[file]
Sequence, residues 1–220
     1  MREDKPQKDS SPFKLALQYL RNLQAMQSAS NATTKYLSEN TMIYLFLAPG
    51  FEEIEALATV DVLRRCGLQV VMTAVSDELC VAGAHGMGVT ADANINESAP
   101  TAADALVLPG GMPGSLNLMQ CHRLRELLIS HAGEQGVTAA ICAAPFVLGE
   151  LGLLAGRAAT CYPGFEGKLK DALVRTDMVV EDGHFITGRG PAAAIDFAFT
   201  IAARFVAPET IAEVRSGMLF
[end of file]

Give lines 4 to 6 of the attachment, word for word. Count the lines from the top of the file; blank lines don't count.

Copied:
   101  TAADALVLPG GMPGSLNLMQ CHRLRELLIS HAGEQGVTAA ICAAPFVLGE
   151  LGLLAGRAAT CYPGFEGKLK DALVRTDMVV EDGHFITGRG PAAAIDFAFT
   201  IAARFVAPET IAEVRSGMLF